In November the Individuals with Disabilities Act (IDEA) turned 45. After nearly half a century, many are hoping to celebrate this legislative milestone with full funding next year for the federal law that guarantees children with learning and other disabilities access to a free and appropriate public education (FAPE),
If you have a child with diagnosed disabilities according to the criteria specified by the IDEA, you’re likely familiar with this legislation. It’s the law that provides for your child’s school team to develop an Individual Education Plan requiring services to meet your child’s needs.
But what you may not realize is that for most of the 45 years that the IDEA has been in existence, it’s been funded at levels far below the 40% lawmakers intended when the legislation was enacted. According to Money Watch, current funding is at a mere 13%. According to an article in K-12 Drive less than full funding is the norm:
Over the past four decades, the federal government has not come close to meeting the 40% funding promise for the country’s , except for one year — in 2009, when stimulus money from the Great Recession gave IDEA a temporary boost to 33%. Reaching IDEA full funding would increase the federal contribution from about $13 billion to , according to recent legislation.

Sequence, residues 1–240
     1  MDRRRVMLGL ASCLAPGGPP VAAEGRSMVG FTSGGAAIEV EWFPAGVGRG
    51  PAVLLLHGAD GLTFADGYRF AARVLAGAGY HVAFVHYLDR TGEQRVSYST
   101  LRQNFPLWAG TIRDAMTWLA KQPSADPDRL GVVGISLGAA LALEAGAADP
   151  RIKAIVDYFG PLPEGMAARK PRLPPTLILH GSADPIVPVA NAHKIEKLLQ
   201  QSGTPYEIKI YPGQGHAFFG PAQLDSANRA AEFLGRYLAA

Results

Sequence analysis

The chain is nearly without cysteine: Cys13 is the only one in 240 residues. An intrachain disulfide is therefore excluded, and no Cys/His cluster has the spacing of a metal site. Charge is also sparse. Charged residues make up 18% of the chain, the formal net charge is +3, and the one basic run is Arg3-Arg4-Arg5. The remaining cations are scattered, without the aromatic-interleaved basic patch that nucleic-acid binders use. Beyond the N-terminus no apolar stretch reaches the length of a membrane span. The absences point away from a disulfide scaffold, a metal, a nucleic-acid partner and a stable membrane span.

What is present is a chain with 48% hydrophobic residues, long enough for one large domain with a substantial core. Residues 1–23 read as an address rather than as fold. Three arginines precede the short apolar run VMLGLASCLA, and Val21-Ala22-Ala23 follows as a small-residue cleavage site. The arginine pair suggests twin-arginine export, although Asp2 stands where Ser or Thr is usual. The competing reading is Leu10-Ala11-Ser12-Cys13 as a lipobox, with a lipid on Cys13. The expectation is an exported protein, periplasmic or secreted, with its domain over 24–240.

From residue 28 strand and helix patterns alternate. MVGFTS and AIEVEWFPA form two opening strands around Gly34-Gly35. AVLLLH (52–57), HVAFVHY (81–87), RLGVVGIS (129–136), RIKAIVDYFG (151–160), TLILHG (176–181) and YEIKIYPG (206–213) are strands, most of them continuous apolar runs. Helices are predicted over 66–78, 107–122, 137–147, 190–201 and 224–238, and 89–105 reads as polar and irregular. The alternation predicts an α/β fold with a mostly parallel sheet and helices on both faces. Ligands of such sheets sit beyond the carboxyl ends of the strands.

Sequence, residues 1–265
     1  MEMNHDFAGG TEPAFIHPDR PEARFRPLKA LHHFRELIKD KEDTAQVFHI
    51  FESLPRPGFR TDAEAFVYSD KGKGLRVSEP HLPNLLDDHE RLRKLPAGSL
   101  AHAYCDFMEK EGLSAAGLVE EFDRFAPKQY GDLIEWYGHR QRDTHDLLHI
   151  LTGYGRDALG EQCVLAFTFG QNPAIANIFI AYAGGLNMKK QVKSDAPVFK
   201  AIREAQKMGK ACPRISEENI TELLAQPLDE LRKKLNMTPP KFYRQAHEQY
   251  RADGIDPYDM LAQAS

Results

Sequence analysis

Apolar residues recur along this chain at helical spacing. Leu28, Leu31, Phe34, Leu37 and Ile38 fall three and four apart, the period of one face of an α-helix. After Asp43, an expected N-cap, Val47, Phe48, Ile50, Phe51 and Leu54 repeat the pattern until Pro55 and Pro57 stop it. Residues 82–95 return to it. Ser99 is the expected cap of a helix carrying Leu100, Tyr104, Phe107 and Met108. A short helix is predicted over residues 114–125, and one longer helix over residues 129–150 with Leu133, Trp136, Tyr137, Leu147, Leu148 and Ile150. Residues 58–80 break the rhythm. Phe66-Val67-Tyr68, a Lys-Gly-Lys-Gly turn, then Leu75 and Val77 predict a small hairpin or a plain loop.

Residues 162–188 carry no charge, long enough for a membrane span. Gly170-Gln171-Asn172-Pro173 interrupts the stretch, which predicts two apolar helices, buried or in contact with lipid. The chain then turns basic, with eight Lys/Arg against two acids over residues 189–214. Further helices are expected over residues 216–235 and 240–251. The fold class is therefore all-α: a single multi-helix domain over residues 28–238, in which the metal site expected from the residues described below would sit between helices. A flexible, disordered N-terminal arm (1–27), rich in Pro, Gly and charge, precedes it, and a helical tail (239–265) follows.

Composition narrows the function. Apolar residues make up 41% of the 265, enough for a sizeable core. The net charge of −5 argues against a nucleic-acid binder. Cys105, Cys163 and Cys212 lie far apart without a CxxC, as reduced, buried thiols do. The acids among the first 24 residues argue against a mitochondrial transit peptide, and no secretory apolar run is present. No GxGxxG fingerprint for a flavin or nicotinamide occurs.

The result is that regardless of how many children are diagnosed with learning or other disabilities, local districts must perform budget wizardry to attempt to ensure that their needs are met. Turning students away for lack of funds is not an option; compromises must often be made.
Hope On the Horizon
With schools financially strapped even more than usual due to COVID-19 demands, many in the disabilities community are looking for the Biden administration to make good on the promise for fully funding the IDEA. There’s growing optimism on Capital Hill that 2021 could be the year that happens.
Sen. Chris Van Hollen, who has introduced legislation to fully fund the IDEA every session since 2002 says,
I think it’s important that the federal government keeps its promises, and especially promises we’re making for the education of our country’s children. Right now we have so many schools that are just trying to make ends meet and do not have the resources to provide the kind of special education that our children deserve.
He and others are counting on the 117th Congress to implement the promise made 45 years ago when the IDEA became federal law.